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Sox9 reshapes the biliary tree in Alagille syndrome

October 11, 2019

Alagille syndrome is a rare pediatric genetic disorder that can affect the liver, heart, kidneys, blood vessels, skeleton and other tissues. One major characteristic of this condition is abnormalities in the ducts that carry bile, a yellowish liquid that helps to digest fats, from the liver to the gallbladder and the small intestine. The number of bile ducts is severely decreased in Alagille syndrome patients, which diminishes the normal flow of bile, a condition called cholestasis. As a result, bile builds up in the liver, causing scarring that prevents the liver from working properly to perform its metabolic functions and to eliminate waste from the bloodstream.

Alagille syndrome is one of the interests of the laboratory of Dr. Hamed Jafar-Nejad, associate professor of molecular and human genetics at Baylor College of Medicine.

"The severity of the disorder varies among affected individuals, even within the same family," explains Jafar-Nejad. "For instance, some patients with childhood cholestasis will require a liver transplant, whereas others will show significant improvement by elementary school age, eliminating the need for a transplant." What mediates this variability is not known. In this study, Jafar-Nejad and his colleagues uncovered new genetic clues that contribute to our understanding of the extreme variability in the

expression of this childhood liver disease and also offer a potential therapeutic avenue for this condition.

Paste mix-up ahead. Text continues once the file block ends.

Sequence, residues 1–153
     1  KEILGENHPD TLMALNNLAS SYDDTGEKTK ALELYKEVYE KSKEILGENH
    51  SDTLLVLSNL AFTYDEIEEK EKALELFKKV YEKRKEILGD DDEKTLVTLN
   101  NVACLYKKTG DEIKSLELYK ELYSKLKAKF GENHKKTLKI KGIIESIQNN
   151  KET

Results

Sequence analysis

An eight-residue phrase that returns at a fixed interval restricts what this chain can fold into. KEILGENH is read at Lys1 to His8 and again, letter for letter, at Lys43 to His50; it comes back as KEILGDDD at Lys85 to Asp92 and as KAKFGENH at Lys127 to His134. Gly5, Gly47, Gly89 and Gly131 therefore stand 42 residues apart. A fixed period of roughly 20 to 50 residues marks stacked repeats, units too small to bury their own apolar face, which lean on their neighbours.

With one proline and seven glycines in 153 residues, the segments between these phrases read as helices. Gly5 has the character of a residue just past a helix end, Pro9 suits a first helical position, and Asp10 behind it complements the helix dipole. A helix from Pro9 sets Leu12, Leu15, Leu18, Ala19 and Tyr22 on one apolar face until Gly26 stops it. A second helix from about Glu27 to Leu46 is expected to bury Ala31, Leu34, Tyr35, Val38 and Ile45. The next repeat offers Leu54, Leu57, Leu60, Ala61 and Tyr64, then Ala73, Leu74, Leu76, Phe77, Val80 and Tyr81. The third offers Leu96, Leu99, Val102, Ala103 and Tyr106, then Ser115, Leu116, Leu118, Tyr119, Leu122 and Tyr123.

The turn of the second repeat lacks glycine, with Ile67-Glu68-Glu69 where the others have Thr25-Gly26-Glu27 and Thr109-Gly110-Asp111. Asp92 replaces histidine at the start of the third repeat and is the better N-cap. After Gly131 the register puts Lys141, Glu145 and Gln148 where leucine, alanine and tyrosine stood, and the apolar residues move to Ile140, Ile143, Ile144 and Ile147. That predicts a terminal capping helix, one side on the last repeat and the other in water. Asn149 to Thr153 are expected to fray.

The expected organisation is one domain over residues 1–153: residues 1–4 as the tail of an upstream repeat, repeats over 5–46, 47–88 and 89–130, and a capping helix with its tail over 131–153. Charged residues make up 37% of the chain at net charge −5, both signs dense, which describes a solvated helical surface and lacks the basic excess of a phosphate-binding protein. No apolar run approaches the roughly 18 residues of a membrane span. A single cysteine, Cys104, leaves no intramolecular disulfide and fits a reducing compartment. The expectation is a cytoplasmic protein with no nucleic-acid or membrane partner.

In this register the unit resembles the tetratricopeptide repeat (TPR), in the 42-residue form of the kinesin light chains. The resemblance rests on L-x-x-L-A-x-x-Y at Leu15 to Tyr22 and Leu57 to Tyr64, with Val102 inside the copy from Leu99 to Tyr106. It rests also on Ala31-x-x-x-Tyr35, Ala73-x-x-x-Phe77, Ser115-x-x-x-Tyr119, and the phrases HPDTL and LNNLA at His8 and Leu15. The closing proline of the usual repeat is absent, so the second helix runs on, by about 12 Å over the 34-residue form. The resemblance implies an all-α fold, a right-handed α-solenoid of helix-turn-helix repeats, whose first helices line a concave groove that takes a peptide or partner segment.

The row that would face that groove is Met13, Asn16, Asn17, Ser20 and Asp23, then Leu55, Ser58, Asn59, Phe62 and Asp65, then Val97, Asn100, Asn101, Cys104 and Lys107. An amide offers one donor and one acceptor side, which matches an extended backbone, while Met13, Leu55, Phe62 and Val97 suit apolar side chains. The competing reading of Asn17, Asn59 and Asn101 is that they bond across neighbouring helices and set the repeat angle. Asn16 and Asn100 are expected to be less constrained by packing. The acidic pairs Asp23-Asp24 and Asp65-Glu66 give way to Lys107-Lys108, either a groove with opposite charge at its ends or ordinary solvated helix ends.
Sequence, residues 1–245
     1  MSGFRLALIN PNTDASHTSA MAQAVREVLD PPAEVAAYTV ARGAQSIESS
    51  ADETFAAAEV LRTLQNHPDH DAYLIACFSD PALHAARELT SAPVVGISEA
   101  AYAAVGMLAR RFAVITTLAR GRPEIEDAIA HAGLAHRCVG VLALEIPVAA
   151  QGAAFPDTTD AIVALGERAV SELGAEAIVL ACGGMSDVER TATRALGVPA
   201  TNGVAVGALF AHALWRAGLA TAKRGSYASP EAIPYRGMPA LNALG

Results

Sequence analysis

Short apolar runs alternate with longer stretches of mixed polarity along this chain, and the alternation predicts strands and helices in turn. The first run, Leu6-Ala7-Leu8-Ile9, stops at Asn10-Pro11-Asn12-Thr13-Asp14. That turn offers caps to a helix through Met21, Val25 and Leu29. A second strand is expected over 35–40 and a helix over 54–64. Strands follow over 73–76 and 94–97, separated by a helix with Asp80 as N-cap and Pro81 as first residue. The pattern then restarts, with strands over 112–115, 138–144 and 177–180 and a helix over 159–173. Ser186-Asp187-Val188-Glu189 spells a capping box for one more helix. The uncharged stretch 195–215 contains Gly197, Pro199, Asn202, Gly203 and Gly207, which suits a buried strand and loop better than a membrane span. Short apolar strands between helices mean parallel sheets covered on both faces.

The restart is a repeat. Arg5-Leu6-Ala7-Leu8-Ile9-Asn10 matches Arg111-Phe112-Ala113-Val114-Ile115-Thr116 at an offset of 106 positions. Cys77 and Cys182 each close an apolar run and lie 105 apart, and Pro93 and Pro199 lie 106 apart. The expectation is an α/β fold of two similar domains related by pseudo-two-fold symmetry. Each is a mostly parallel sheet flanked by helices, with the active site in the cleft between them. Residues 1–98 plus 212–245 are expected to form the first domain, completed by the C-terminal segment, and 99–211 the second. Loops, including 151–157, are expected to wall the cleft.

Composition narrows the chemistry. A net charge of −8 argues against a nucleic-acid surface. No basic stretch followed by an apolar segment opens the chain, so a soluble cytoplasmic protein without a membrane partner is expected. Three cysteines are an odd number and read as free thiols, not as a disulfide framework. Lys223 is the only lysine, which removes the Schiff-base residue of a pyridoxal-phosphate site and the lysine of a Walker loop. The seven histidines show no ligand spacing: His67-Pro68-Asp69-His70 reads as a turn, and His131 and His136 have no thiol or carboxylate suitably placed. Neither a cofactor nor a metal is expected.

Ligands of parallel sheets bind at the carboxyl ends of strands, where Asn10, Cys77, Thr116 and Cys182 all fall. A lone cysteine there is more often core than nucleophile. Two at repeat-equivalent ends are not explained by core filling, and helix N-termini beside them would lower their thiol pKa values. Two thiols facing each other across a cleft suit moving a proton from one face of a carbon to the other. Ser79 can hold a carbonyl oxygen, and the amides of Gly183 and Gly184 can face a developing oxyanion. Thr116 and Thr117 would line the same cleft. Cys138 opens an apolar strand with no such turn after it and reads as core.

The road to discovery

The majority of the Alagille syndrome cases result from loss of one copy of the JAG1 gene, which produces the protein jagged 1 (JAG1), an important component of the Notch signaling pathway. The Notch pathway is involved in the communication between neighboring cells during embryonic development and adult tissue maintenance. Signals from the Notch pathway influence how the cells build body structures in the developing embryo. Therefore, mutations in JAG1 or other components of the Notch pathway lead to errors during development that affect the bile ducts and other organs.

Several years ago, the Jafar-Nejad laboratory established a genetically representative mouse model for Alagille syndrome liver disease. In this model, loss of one copy of Jag1 (Jag1+/-) results in impaired bile duct development and subsequent cholestasis in mice.

In the current study, the group used this model to identify genetic modifiers of the liver disease in order to explain its variability and to identify a potential therapeutic target. The researchers found that the expression level of the transcription factor SOX9 broadly modified the severity of Alagille syndrome liver disease in mice.

According to previous work by others, complete loss of Sox9 gene in normal mouse liver had only transitory effects on bile duct development, with no long-term consequences. In the current study, the researchers found that changing Sox9 gene expression in livers of Alagille syndrome mice (Jag1+/-) profoundly affected liver pathology.